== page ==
While going through some successful submissions of Am I Fibonacci Number in COOK40, I have seen that some of them just use unsigned long long to store digits of the form of 1000 digits and still getting correct answers.

Please tell me how this is getting correct and dont we need to use any bigint type class…

Unsigned long long can only store around 18 digits. There must be some other trick or weakness of testdata used that allows it.

the highest is unsigned long long int and it can take only upto 18 digits…

The accepted cases are done with some other tricks…they have stored the answer in an array or string or something…a typical example is “small factorials” in the practice section…

Even Tester solution does not seem to be working correctly for all cases and some of the solutions like http://www.codechef.com/viewsolution/2996264 which are accepted are not correct for all input, which means test cases were weak. You have to implement Big Integer class in c/c++ to handle large data.

yah i know that unsigned long long store only upto 10^18 digits…

but i actualy i am unable to get the trick…

like in the solution http://www.codechef.com/viewsolution/2995891 i am unable to find any trick bt still it is accepted??

yah i know that unsigned long long store only upto 10^18 digits… but i actualy i am unable to get the trick…

like in the solution http://www.codechef.com/viewsolution/2995891 i am unable to find any trick bt still it is accepted??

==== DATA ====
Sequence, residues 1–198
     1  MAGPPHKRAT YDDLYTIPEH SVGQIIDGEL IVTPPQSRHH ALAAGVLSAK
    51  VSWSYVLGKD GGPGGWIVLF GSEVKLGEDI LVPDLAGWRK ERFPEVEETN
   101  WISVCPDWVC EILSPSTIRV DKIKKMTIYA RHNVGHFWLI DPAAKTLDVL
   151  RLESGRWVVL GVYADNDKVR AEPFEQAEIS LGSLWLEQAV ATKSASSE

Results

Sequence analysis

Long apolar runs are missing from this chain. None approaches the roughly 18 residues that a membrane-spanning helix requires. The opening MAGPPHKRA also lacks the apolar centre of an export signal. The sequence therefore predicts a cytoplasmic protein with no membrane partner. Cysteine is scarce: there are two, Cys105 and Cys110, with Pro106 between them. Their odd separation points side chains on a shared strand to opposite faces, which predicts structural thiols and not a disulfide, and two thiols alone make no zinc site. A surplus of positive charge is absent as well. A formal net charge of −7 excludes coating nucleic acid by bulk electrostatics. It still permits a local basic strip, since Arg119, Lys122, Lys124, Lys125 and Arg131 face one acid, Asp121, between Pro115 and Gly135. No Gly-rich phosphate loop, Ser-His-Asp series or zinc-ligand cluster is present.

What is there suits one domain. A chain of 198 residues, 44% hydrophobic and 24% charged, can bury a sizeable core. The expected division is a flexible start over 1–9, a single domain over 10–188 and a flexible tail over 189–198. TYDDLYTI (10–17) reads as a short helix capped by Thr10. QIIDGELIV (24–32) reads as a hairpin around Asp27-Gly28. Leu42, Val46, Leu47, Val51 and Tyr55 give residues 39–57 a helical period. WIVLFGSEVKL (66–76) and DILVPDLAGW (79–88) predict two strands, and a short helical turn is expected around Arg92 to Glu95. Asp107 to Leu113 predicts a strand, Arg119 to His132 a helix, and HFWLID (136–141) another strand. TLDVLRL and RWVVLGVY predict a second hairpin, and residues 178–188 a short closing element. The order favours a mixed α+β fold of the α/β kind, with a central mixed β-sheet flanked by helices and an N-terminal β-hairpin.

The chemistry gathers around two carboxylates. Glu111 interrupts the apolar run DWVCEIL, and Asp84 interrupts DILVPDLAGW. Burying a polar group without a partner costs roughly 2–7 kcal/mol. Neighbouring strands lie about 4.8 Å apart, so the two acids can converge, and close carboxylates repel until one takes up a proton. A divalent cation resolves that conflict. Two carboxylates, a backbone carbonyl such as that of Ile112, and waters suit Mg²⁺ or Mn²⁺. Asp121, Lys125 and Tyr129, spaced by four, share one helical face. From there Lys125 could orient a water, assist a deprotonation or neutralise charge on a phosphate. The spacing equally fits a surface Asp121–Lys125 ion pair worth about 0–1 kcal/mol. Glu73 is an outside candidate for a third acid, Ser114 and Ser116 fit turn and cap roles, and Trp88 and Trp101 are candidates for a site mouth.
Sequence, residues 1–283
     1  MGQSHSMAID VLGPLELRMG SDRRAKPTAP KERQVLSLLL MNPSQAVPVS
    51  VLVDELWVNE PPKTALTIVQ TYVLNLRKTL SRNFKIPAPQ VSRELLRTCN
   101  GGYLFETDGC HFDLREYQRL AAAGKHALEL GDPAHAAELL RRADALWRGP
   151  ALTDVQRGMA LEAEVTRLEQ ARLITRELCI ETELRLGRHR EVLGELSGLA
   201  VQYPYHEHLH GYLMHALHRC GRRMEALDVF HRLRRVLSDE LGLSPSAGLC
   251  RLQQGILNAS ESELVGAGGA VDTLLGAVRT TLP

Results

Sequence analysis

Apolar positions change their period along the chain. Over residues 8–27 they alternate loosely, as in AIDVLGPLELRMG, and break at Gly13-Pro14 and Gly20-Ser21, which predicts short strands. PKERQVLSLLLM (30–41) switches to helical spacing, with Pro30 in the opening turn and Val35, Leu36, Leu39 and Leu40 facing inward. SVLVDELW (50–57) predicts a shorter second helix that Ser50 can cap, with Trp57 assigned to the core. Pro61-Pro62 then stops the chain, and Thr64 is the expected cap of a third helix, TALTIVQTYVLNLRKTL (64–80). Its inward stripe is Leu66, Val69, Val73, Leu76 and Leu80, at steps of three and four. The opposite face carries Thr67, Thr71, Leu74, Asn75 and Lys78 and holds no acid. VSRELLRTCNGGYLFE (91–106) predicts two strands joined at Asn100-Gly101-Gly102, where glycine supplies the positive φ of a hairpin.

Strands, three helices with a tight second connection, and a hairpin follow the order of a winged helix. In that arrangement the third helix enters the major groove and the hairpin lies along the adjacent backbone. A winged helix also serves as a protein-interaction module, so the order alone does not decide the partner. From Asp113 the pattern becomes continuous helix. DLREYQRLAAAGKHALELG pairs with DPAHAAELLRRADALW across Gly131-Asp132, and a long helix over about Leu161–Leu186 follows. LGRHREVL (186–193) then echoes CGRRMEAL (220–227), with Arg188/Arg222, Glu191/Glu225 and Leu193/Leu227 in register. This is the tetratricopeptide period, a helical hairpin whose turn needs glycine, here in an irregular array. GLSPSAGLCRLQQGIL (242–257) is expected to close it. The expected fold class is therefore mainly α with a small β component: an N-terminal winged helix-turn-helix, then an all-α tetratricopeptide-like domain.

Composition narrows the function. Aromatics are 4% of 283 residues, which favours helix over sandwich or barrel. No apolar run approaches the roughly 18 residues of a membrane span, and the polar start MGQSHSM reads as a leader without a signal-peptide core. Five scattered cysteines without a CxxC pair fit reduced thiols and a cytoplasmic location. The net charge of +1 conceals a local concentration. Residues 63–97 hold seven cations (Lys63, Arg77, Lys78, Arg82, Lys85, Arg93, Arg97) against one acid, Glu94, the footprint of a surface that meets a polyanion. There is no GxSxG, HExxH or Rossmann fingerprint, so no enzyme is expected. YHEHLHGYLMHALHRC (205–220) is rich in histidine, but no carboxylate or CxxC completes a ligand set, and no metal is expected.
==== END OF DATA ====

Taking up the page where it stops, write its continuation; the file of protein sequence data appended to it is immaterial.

The reason that the tester has used unsigned long long is because once the number exceeds 10^18, it gets wrapped around so the number stored is basically fib % (max range of unsigned long long).The tester is assuming that each fibonacci number will have a unique value modulo max_LL. This can be said to be like some form of hashing where you are mapping fibonacci numbers to range if unsigned long long values. I am pretty sure this will give wrong answer for some values but might work for these test cases. This is the most probable logic of using unsigned long long.

@r3gz3n I think your method can be used to rule out certain numbers – if you take all the 1000-digit Fibonacci numbers and take their values mod m, and the 1000-digit number you’re testing has a value mod m not in that group, then you can rule it out. But you can’t rule numbers in.